TxK, created by Jeff Minter and Llamasoft (GoatUp, Caverns of Minos, Minotron 2112), is an action shooter that's kind of the spiritual successor to Minter's previous game, Tempest 2000, which was published by Atari in 1994. Recently, Atari has set their lawyers upon Minter in an effort to shut down TxK and any other titles that might be related to Tempest 2000.
Minter has posted an explanation of the situation on Llamasoft's discussion boards that detail Atari's accusations of theft by Minter of source code, music, and the concept of "jumping" of all things.
Jeff Minter: "... in order to create TxK I must have had access to, and stolen secrets from, Atari's source code, in order to steal the work of the other people who worked on Tempest 2000. (I *wrote* the source code for Tempest 2000, and didn't need to refer to it at all to create TxK, even if I still had it. The only other people who worked on the game were Joby Woods who did bitmaps (TxK has no bitmaps apart from one 64x64 graduated dot) and the Imagitec musicians (TxK has neither a modplayer nor any of Imagitec's music). So I stole my own work out of my own brain I guess.
"The soundtrack to TxK sounds identical to the soundtrack of Tempest 2000. (In fact the TxK soundtrack is entirely original and highly acclaimed; it won a Develop award and went to #1 on Bandcamp).
The player ship can jump. Apparently Atari owns jumping."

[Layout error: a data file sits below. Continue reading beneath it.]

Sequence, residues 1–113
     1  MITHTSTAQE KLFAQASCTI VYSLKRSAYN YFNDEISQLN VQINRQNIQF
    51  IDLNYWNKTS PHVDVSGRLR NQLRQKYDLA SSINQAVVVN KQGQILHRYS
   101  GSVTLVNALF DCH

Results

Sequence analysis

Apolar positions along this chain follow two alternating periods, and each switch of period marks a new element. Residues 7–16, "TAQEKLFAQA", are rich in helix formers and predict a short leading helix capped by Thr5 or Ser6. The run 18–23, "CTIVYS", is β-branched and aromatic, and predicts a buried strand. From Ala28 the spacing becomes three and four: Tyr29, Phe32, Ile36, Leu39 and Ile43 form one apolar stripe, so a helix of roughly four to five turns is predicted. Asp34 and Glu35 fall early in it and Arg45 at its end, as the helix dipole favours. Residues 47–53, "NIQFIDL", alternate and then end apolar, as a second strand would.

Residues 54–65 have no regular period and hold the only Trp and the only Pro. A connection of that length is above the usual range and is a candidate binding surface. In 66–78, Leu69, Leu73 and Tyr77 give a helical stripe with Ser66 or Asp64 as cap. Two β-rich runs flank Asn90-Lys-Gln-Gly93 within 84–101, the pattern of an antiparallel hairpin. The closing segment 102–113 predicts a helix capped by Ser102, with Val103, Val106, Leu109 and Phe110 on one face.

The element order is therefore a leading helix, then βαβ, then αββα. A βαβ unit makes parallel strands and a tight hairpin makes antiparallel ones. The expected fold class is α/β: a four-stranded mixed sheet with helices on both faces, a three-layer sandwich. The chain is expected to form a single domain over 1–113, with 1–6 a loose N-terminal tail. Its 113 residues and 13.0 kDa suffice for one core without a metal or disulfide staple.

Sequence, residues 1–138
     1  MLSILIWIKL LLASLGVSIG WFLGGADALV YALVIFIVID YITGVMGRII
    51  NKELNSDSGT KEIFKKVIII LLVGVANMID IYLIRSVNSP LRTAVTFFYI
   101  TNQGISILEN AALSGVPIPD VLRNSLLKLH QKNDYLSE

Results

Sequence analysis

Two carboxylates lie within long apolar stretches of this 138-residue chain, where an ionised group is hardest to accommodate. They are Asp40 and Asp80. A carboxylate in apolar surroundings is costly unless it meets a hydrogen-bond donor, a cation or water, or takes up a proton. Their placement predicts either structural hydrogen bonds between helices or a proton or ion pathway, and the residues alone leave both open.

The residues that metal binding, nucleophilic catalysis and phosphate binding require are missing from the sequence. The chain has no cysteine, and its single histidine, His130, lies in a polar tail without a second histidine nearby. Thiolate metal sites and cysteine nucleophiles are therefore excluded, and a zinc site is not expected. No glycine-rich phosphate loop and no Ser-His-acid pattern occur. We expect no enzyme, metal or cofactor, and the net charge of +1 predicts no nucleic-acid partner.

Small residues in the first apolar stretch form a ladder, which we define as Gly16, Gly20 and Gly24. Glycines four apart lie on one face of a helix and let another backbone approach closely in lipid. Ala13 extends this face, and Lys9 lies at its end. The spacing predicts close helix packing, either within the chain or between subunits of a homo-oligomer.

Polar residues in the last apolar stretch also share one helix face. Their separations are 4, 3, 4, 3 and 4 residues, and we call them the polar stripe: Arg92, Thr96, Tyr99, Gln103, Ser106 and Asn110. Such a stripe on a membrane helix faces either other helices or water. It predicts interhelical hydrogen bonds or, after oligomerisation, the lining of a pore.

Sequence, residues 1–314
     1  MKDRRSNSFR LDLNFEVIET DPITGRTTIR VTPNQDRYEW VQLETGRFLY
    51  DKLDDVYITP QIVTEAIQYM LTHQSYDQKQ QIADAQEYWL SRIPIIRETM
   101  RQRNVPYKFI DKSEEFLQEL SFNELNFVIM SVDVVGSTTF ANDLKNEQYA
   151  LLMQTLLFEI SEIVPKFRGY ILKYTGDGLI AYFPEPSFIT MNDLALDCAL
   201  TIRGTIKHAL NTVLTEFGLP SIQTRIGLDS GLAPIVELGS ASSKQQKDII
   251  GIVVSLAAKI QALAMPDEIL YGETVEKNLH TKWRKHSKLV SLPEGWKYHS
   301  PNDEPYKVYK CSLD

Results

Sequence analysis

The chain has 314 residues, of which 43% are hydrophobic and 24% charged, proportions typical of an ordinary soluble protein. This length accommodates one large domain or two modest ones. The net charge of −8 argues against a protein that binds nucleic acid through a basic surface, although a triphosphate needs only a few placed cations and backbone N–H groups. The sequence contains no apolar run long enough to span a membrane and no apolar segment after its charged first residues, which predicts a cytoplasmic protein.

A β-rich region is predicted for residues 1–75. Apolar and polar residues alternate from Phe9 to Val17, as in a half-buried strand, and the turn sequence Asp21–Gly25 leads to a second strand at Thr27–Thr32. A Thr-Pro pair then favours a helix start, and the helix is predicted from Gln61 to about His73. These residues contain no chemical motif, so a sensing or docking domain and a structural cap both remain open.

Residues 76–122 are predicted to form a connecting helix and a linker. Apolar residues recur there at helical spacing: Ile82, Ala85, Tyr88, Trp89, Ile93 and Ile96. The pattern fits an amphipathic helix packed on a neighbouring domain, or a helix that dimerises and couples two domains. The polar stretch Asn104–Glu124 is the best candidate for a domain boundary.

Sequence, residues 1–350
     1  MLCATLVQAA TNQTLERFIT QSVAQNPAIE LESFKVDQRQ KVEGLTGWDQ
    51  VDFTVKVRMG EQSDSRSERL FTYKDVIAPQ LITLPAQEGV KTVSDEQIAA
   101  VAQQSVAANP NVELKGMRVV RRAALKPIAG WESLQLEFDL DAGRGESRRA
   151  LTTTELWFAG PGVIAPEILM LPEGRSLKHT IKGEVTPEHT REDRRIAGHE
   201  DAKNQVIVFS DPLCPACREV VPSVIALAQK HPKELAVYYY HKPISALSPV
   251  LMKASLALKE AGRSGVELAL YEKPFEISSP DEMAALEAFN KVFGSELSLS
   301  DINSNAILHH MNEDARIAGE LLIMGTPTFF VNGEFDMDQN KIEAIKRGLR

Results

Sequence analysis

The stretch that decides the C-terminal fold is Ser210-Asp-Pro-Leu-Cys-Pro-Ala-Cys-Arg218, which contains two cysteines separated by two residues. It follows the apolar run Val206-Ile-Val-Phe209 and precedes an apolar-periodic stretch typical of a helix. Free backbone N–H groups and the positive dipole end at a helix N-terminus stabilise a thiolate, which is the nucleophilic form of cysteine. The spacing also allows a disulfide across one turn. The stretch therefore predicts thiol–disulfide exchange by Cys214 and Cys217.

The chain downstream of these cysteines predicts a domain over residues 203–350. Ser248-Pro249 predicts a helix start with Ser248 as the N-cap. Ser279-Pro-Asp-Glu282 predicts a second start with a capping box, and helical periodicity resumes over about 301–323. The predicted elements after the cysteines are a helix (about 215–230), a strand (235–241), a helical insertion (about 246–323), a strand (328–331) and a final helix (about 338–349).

While most of the allegations could be argued, Atari has created a legal situation that will be astronomically expensive to contest. They are using their significant size and wealth to force the smaller company and developer into submission, basically. Atari also changed the original name of Tempest 2000 to Tempest X (along with just enough of the content) when porting the game to the PlayStation in order to cut Minter off from any royalties he might have earned through sales.
According to Minter, "...they are still trying to insist that I remove from sale Vita TxK (even though it's plainly at the end of its run now and only brings in a trickle these days) and sign papers basically saying I can never make a Tempest style game ever again. So no chance of releasing the ports."
Say goodbye to all those Tempest spin-off dreams. Atari is laying down the law with a fist made of money.